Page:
A 2015 study showed that 30% of those surveyed suffered some kind of discrimination at work due to their gender identity or expression. The risk is even greater for people of color who have to attend with the stigma of both racism and homophobia.
Another study reported that 42% of homeless youth are LGBTQQI, and of that figure 65% are racial minorities. In addition, 61% of African Americans were out to parents compared with 80% who identified as white.
The inability to come out is detrimental to the health and wellness of LGBTQQI individuals.
According to the HRC, LGBT youth who are out to their families report that they are happier, and yet coming out to one’s family is not always an easy or safe option.
Today’s climate still makes it difficult to come out.
The HRC reported that 92% of LGBT youth hear negative messaging of the LGBT community mainly through the internet, school, and their peers. Without the support of their friends and family, they are more likely to suffer from depression and to take their own lives. According to the Center for Disease Control (CDC), 29% of LGBT youth have attempted suicide compared to only 6% of heterosexual youth.
You can be supportive of others in their coming out process by being intentional with the language you use in the presence of others.
Whether you know it or not, people are listening, and someone could be struggling at any time and in any given place with their identity and you would have no idea. Therefore, it is important to use gender neutral language so as not to isolate others or make assumptions about how others identify.
Ways you can use language can help someone coming out:
Use gender neutral terms.
Such as spouse, partner or significant other instead of boyfriend or wife.
Use the word them when asking about someone’s partner if a preferred pronoun hasn’t been established. It may be grammatically incorrect, but its popularity is on the rise.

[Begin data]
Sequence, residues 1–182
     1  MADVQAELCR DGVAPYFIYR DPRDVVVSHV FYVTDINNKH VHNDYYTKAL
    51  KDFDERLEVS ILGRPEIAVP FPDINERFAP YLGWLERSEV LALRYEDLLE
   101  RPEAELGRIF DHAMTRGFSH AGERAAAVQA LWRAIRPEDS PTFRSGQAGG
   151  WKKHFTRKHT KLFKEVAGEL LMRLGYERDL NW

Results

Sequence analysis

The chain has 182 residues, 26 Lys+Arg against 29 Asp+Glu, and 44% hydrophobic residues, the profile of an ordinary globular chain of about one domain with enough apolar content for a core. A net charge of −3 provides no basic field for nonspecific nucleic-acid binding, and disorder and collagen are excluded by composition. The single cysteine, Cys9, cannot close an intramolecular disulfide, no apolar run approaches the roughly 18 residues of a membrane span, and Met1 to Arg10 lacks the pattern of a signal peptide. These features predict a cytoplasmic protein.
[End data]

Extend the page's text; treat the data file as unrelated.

Refrain from commenting on gender norms:
he throws like a girl; if you wore your hair long you would look pretty. If someone is struggling with coming out, gender stereotypes can create an unsafe environment by putting up harmful barriers.
Ask their preferred pronouns. The Chronicle of Higher Education did a segment, “Ask Me: What LGBT Students Want Their Professors to Know” that interviewed college students to understand how their professors could create a safe environment for LGBTQ students.
The consensus was that asking them how they identified not only opened up dialogue but allowed students to feel safe and supported in their environment.
Think beyond the gender binary.
People who are cisgender (their gender identity correlates to the sex assigned at birth) have had the privilege of existing identifiers that resonate with who they are; their identity. Those who identify as LGBTQQI have struggled to find the same representation.
Recognizing the limitations of the gender binary leaves room for LGBTQQI people to be themselves.
The Gender Unicorn is an illustration that introduces the idea of fluidity by teasing out gender identity, expression, sex assigned at birth, physical and emotional attraction. Each has its own scale and offers a third option outside the binary.
The Gender Unicorn is a useful scale for anyone coming out or for anyone supporting someone coming out as it shows how gender, sex, and sexual attraction are on a continuum.
[This blog post originally appeared on Teyhou’s website www.lifebalancellc.com]